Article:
Referring now to the invention shown in FIG. 3, handheld heating device 400 is shown. The handheld heating device 400 shown in the figures is a handheld device that emits a jet of hot gas. In the preferred embodiment, handheld heating device 400 is a standard commercially available torch that uses flammable gases such as propane, butane or other mixes of flammable gases capable of providing very high heat in excess of 1,100 degrees Fahrenheit or greater. In the preferred embodiment, handheld heating device 400 is a free, separate object. Handheld heating device 400 may be an electric infrared or near infrared emitter, a handheld torch, or a gas fed heating device, or any other device capable of producing very high heat. Table 1 is a manufacturer's published specification from a standard off-the-shelf torch unit that can be used to carry out the invention. Thus, in one embodiment of the invention, handheld heating device 400 is directly applying a flame that has a temperature in excess of 3,000 degrees Fahrenheit.
TABLE-US-00001 TABLE 1 Max Power Butane Propane Propylene Flame Temperature in Oxygen 4,925 4,579 5,193 (° F.) Flame Temperature in Air 3,200 3,450 3,600 (° F.) Burning Velocity in Oxygen 11.0 12.2 15.0 (Ft/Sec) Total Heating Value 3,374 2,498 2,371 (BTU/CuFt) Primary Combustion 315 255 433 Heating Value (BTU/CuFt) Secondary Combustion 3,114 2,243 1,938 Heating Value (BTU/CuFt) Total Heating Value After 21,500 21,800 21,100 Vaporization (BTU/lb) Auto Ignition Temperature 860 874 927 (° F.) Volume to Weight Ratio 6.40 8.66 8.25 (CuFt/lb) Specific Gravity of Gas in Air 2.076 1.520 1.480 Specific Gravity of Gas in 0.579 0.507 0.522 Liquid Pounds Per Gallon 4.70 4.24 4.35 Oxygen Required, Neutral N/A 4.3 3.5 Flame (CuFt/Ft Fuel) Explosive Limits in Air (%) 1.9-8.5 2.2-9.5 2.0-11.0 Toxicity Low Low Low Shock Sensitivity Stable Stable Stable Tendency to Backfire Slight Slight Slight Reactions to Backfire Few Few Few Restrictions Restrictions Restrictions Vapor Pressure @70° F. 30 125 140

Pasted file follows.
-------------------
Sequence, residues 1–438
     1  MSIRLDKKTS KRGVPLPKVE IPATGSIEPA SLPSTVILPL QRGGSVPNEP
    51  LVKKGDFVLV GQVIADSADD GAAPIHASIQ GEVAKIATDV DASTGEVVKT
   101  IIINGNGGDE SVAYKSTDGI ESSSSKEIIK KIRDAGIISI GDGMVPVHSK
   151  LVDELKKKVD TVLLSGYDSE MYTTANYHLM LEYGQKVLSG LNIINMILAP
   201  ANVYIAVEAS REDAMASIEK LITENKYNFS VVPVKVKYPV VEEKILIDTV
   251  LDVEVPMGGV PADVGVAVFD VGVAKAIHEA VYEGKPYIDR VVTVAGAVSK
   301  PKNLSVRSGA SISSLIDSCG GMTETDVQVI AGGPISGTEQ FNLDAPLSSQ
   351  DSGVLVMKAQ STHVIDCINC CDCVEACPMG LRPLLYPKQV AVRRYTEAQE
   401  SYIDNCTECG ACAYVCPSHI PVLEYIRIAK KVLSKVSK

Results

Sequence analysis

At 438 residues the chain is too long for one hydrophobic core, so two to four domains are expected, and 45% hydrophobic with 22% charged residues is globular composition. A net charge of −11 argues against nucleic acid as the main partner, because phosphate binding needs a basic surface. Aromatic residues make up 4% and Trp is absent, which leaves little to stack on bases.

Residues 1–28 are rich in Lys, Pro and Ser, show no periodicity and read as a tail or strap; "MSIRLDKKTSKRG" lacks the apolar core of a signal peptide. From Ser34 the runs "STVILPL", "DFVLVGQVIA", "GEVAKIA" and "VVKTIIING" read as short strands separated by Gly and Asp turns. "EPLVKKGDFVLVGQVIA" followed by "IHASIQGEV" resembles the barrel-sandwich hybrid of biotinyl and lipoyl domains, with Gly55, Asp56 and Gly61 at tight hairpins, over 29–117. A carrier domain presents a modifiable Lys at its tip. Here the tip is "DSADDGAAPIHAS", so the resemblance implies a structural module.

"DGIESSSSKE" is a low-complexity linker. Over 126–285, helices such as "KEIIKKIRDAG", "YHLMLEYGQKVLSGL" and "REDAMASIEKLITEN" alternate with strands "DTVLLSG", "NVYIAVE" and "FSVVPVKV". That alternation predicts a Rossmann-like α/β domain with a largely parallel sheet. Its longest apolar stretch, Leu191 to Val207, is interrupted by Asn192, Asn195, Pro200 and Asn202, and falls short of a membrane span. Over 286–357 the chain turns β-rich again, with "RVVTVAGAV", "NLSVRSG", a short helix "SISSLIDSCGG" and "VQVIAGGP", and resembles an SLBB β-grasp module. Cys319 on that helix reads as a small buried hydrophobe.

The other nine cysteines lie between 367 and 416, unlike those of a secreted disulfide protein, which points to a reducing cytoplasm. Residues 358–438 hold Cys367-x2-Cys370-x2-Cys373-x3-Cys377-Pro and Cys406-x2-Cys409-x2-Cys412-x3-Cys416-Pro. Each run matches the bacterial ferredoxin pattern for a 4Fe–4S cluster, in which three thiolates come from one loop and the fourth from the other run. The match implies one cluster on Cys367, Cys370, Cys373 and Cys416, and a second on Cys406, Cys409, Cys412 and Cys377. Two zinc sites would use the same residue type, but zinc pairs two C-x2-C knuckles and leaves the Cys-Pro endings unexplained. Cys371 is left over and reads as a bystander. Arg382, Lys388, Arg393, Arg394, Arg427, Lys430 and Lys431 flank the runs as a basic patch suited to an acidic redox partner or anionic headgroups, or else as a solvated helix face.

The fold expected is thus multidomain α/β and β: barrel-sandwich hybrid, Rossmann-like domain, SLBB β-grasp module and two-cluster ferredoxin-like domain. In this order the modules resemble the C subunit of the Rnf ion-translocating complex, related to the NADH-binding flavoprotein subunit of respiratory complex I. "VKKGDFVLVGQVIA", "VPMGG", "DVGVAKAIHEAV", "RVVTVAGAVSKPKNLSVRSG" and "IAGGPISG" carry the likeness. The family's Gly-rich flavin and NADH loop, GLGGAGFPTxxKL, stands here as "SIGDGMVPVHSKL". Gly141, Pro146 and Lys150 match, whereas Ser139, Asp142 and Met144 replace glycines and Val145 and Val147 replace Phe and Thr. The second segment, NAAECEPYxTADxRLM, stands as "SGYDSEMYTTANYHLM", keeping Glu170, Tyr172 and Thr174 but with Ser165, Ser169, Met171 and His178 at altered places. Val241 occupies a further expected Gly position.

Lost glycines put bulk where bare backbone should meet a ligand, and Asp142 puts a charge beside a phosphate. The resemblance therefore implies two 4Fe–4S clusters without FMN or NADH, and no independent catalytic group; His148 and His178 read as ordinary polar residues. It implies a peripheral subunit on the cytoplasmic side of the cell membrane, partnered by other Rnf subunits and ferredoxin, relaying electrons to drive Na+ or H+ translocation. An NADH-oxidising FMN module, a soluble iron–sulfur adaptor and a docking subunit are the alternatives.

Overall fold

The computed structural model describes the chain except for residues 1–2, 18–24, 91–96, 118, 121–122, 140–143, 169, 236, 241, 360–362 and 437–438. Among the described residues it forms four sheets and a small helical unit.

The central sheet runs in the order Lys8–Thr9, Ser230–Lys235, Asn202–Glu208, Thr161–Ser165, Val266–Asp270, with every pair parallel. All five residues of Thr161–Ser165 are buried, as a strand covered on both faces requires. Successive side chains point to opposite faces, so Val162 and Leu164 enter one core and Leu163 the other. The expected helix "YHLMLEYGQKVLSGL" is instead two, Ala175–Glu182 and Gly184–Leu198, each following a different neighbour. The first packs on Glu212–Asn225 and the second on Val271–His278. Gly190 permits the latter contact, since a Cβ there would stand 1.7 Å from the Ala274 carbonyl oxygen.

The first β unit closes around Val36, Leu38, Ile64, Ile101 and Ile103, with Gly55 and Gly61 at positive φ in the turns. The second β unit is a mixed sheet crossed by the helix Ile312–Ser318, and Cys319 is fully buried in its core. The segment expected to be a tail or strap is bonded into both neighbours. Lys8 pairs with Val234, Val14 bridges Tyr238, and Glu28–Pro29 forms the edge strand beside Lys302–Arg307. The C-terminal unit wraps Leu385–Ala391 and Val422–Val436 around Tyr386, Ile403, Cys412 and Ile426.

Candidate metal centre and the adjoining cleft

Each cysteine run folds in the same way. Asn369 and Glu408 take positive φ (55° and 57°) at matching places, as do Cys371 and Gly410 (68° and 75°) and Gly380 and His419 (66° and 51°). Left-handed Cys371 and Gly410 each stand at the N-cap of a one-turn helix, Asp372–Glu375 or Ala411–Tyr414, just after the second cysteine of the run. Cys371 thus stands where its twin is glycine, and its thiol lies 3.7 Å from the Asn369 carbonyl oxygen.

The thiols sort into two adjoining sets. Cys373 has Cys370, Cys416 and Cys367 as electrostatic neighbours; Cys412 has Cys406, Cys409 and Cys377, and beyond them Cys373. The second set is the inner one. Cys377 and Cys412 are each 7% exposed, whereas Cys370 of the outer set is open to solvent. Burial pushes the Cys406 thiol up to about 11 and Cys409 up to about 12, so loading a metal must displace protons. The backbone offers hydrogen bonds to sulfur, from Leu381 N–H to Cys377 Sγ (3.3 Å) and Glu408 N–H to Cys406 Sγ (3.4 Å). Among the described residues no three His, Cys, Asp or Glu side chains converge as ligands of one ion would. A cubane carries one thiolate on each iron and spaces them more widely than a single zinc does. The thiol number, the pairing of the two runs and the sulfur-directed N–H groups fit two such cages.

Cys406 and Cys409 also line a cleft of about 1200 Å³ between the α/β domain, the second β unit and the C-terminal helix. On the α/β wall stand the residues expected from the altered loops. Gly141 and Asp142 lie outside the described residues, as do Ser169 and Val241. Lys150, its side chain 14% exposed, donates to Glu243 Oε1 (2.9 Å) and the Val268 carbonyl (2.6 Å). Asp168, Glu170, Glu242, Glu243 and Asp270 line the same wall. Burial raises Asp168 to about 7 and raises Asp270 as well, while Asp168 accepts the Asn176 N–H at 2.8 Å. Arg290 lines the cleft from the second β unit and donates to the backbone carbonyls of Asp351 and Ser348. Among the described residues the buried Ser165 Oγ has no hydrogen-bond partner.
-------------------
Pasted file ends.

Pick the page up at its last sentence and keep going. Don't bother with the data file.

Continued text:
FIG. 3 and FIG. 5 show the application of ultra-high heat using handheld heating device 400 to the top of a layer of dough 10, and to the cornice of pizza 20 while thermal mass 200 provides heat to the bottom of dough 10 and pizza 20. This is the general cooking process, coupled with intermittent use of lid 100, and as seen in the figures, the application of heat with handheld device 400 occurs in sections; the entire pizza is not subjected to the ultra-high heat at the same time, allowing the chef to be selective with searing, charring and caramelization.